Indiana University      Research & Creative Activity      January 1999 Volume XXI Number 3






Many Peoples, Many Voices

The continent of Africa is home to people who speak more than 1,700 different languages--and every graduate student in the African Studies Program is required to learn at least one of them. They are welcomed by the Department of Linguistics Program in African Languages and Linguistics, which offers more than a dozen languages from which to choose.

(from left to right) Lungi Sosibo, Ibro Chekaraou, David Adu-Amankwah, Ani Hawkinson, and Auma Okwany each teach an African language at Indiana University Bloomington. Sosibo, from South Africa, is a doctoral candidate in adult education at Northern Illinois University and teaches Zulu at IUB. Chekaraou, from Niger, is working on his master's degree in linguistics at IU and teaches Hausa. Adu-Amankwah, from Ghana, is a doctoral student in folklore and teaches Twi. Hawkinson is the new African Languages Program coordinator, a lecturer in linguistics, and teaches Swahili. Okwany, from Kenya, is a doctoral candidate in education and teaches Swahili. --credit

Along with the popular Swahili, the department teaches less-familiar languages, such as Hausa, the most common of the nearly 400 languages used in Nigeria; Twi, which is spoken in Ghana; and Zulu, one of the official national languages of South Africa. In addition to regularly scheduled classes, tutoring is offered for graduate students who need reading and speaking proficiency in a particular language for their research. For example, a student preparing for research in Senegal could get instruction in Wolof.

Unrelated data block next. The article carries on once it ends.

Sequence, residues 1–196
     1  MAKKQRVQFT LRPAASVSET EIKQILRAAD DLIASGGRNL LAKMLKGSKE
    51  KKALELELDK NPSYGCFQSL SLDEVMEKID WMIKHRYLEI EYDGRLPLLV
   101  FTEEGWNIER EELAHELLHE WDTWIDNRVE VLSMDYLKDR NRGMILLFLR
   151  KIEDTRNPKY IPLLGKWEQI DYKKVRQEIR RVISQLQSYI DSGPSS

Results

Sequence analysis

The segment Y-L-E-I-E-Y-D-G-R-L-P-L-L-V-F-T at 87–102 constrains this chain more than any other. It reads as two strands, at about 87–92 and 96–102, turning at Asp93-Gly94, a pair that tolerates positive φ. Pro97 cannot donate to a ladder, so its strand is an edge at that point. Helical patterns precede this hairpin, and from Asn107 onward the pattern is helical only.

Seventeen different African languages have been taught at IU in recent years. The Program in African Languages and Linguistics also offers courses on the history, grammatical structure, and social use of languages on the African continent.

Despite their differences from English in pronunciation and grammar, African languages are not inherently more difficult to learn than the European languages familiar to most students. "Anyone who can navigate German, can do so with Hausa," notes Paul Newman, professor of linguistics at IUB. "Even the tonal aspects of African languages--where pitch on a word designates a shift in meaning--come with surprising ease to students once they get over their initial apprehension." (English uses intonation at the sentence level, such as the rising pitch at the end of a question, but not tone per se). Moreover, these languages offer not only a challenging change of pace to those who want something more than the usual French or Spanish; they can also prepare one for living abroad.